From a policy perspective (I work in a Government. Or perhaps for a Government) this is all interesting, but largely irrelevant, given that CO2 emissions are still rising (IPCC suggests at 10Gt per annum increase in the last decade)

    If we are extremely lucky, TCR will be towards the bottom end of the range. But even if everyone here were to suddenly and unexpectedly agree that TCR were 1.3K +/- 0.1K, the need for urgent action, internationally, to reduce emissions would not be weakened one iota. No country in the world has been able to reduce its emissions at 2% per annum over any extended period, with some notable exceptions where the economy crashed (former USSR is a good example). In part this is due to a lack of effort but even in the UK where there has been effort, emissions only fell by ~14% between 2000 and 2012 (see

    The USA has achieved some notable emissions reductions through shale gas, but those are inherently limited by the relative carbon intensities of gas and coal.

    So, to be short, given full political commitment to emissions reduction, globally, I reckon we could do about 2% per annum, if lucky. A few more years of inaction and that 2% per annum reduction rate isn’t going to keep us inside a carbon budget, even for 1 TCR of 1.3K, let alone 1.8K, or worse.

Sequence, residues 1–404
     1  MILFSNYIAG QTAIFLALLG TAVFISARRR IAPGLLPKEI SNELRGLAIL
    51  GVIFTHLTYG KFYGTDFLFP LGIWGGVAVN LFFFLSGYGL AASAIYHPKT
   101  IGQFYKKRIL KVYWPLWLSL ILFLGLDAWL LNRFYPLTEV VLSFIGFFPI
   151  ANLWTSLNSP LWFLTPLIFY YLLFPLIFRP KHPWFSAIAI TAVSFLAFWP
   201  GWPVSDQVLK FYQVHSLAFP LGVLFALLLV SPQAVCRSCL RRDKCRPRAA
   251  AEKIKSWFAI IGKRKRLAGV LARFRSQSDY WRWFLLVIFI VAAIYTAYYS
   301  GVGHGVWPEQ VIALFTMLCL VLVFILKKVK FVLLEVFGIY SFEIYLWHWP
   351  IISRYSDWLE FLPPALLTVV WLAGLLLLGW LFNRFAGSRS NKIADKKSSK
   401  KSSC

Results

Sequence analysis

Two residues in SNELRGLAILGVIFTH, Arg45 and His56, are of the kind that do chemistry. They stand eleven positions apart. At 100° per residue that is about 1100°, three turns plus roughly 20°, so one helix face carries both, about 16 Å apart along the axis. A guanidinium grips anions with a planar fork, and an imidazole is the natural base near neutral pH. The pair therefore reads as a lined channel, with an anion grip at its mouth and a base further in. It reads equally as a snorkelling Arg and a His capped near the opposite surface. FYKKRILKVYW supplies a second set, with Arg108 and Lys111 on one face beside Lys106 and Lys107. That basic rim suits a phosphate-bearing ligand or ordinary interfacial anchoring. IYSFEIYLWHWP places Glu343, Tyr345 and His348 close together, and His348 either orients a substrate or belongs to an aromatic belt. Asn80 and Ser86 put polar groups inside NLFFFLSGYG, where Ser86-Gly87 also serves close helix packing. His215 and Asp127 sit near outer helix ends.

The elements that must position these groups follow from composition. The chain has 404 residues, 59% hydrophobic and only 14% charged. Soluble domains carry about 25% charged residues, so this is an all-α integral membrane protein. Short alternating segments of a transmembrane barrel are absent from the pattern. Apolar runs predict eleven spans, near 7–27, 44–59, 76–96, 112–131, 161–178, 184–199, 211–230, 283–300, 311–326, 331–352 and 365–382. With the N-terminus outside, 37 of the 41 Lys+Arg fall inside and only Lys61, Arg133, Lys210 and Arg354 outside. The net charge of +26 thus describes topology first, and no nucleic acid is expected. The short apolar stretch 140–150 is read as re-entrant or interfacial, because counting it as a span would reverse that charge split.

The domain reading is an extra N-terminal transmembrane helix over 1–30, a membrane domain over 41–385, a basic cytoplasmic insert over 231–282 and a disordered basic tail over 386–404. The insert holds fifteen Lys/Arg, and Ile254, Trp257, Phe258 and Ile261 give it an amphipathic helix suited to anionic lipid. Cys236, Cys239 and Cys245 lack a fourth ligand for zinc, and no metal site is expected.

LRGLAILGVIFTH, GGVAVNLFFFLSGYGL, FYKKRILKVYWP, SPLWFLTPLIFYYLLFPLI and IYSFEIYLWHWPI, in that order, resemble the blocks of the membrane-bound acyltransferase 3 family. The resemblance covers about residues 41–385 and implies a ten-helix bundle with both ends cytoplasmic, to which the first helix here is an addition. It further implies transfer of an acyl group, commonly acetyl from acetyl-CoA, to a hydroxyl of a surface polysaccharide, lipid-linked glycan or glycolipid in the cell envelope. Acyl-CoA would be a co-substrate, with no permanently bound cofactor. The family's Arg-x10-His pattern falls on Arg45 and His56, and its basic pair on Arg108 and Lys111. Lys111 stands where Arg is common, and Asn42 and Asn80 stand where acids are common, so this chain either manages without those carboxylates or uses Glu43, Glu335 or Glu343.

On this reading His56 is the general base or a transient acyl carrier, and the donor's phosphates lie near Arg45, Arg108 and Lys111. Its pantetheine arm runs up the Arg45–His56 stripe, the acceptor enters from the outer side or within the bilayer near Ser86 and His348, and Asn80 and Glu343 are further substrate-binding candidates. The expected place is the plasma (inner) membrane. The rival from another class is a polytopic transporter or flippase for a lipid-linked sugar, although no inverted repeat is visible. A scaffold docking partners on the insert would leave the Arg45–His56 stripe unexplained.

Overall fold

We need a binding, ambitious deal at Paris. Nothing written above changes that in the slightest.

  27. 27
    gmb92 says:

    Re: #25,

    The study concludes:

    “The net warming of the ocean implies an energy imbalance for the Earth of 0.64 ± 0.44 W m−2 from 2005 to 2013.”

    This is consistent with other estimates and inconsistent with various spin in media outlets, or a global warming “pause”.

    Note that the study has large error estimates, which is what you’d expect given it relies on little direct measurement and infers from other data (such as sea level).

    “−0.08 ± 0.43 W m−2 ”

    Durak et al. clearly imply climate sensitivity estimates using this data would be adjusted higher. Not sure what Llovel et al. imply, given their estimates are consistent with others. Their 0-2000 m estimate is quite large. I’ll let our experts here comment on that.

  28. 28
    Doug Allen says:

    Silk writes